To verify the effectiveness of this method in reacting all of the water in an oil sample, six different turbine oils were spiked with water at various levels, reacted with calcium hydride and the pressure measured. As a control, the actual water content of the oils was determined using a Karl Fischer method using azeotropic co-distillation.

Analyzing these oils using the standard oil analysis test procedure allowed Dexsil to evaluate the accuracy of the HydroScout in describing the water-in-oil content based on the measured pressure (Figure 1). The solid line in Figure 1 is the theoretical result predicted from the Karl Fischer data. Figure 2 shows the same plot for motor oils and hydraulic fluid: note that the R2 from the regression analysis was 0.98, indicating very good correlation between the two test methods.

Figure 1. Comparison Data HydroScout vs. Karl Fischer on Turbine Oils

To achieve complete reaction, all of the water present must come into contact with the calcium hydride. However, because the water is suspended in a generally nonpolar matrix (the oil), it might be expected that the type of oil tested will have an effect on the ability of the calcium hydride to come in contact with all of the water and hence on the accuracy of the HydroScout result. Among the matrix parameters expected to affect the results is the viscosity of the base stock and the polarity of the additives used to formulate the oil. The viscosity of the oil tends to physically prevent the oil from mixing with the calcium hydride whereas the additives, being generally more polar than the base stock, tend to segregate the water from the reactants by chemical attraction, holding the water in solution in the oil.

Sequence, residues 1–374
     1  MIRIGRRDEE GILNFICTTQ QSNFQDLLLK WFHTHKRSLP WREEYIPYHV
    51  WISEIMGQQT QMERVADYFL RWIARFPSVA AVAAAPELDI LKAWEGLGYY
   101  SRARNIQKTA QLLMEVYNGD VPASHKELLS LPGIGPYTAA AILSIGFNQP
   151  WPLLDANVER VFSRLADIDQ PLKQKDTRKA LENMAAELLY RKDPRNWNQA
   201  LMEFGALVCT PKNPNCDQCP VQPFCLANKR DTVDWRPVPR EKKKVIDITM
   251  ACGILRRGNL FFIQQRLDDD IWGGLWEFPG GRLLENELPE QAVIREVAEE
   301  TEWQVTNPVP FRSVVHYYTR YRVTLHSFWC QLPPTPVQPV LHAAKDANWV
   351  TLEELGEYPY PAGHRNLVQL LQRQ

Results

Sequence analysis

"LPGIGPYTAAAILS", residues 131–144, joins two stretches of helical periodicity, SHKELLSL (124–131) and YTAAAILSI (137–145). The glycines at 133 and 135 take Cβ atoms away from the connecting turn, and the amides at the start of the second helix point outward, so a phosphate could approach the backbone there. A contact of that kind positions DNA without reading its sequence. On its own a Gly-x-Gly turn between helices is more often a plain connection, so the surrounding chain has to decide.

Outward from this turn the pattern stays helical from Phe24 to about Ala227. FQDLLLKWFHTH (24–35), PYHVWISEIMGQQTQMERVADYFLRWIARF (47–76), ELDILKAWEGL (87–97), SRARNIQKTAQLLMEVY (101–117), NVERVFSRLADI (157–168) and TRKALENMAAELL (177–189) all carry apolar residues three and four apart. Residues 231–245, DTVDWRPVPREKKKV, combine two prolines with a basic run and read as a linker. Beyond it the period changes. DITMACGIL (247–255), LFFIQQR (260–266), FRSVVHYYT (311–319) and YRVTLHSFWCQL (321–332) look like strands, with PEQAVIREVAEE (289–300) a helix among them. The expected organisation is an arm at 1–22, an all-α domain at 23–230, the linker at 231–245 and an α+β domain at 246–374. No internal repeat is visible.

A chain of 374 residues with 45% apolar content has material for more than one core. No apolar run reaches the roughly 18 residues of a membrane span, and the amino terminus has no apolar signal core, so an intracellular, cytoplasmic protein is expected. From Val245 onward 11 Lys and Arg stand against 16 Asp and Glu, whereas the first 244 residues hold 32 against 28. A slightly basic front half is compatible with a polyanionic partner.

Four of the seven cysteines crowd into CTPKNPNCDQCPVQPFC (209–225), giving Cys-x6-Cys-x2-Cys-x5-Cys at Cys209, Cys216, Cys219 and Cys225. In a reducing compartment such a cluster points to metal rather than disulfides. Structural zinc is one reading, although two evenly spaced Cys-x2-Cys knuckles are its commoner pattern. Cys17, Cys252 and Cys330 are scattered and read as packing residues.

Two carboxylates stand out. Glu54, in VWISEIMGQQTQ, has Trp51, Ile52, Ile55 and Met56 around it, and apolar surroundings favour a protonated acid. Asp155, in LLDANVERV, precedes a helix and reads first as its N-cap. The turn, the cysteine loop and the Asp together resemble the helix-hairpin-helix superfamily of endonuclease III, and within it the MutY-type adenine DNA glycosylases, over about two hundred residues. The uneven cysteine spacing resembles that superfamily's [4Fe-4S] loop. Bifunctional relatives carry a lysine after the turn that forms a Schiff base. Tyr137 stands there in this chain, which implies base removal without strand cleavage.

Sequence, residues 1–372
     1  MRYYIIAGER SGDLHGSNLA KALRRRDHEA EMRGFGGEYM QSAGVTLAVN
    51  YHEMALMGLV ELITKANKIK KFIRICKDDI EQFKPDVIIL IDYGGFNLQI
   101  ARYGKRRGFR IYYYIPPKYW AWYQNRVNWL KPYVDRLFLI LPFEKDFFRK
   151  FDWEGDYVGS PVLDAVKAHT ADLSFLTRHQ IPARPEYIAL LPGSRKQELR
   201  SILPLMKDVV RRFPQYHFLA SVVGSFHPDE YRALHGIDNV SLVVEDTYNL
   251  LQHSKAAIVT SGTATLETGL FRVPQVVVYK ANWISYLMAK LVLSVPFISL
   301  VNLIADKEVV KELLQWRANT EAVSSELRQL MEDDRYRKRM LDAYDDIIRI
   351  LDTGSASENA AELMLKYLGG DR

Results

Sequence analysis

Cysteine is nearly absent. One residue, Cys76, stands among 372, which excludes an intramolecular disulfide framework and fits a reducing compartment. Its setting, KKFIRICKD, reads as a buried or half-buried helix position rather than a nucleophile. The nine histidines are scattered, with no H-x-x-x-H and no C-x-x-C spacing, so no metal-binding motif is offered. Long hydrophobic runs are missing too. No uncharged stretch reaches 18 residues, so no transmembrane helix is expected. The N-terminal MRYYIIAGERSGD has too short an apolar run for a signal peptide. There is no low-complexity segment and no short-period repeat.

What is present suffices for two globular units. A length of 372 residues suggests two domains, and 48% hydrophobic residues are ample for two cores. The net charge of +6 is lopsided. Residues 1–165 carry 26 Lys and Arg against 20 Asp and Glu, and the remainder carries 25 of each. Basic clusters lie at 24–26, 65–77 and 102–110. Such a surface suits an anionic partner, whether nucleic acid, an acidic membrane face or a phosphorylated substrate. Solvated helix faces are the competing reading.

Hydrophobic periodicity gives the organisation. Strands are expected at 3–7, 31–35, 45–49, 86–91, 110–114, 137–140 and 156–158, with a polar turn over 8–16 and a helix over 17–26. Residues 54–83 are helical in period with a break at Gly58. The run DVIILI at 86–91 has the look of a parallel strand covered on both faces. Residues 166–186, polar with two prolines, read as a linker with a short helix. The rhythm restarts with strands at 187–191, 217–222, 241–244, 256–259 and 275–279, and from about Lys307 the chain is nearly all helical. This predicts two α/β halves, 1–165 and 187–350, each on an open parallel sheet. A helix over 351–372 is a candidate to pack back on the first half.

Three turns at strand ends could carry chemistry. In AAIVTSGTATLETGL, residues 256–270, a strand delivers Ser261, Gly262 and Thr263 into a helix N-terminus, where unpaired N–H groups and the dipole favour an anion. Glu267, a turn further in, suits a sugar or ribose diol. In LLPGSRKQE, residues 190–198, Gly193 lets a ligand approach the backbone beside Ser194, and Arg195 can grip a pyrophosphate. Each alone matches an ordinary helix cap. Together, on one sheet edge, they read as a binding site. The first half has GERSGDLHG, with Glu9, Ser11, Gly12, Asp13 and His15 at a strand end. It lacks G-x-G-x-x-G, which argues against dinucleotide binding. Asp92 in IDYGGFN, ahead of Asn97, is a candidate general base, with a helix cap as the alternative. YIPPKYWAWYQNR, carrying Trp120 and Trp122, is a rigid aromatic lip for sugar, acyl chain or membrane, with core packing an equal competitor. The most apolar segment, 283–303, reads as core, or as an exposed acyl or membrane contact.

To investigate these effects, various oils and hydrocarbon-based fluids (nondetergent and detergent motor oils, single and multiviscosity motor oils, gear oil, brake fluid and hydraulic oils) were spiked at different levels, measured using the new procedure and the results compared to Karl Fischer.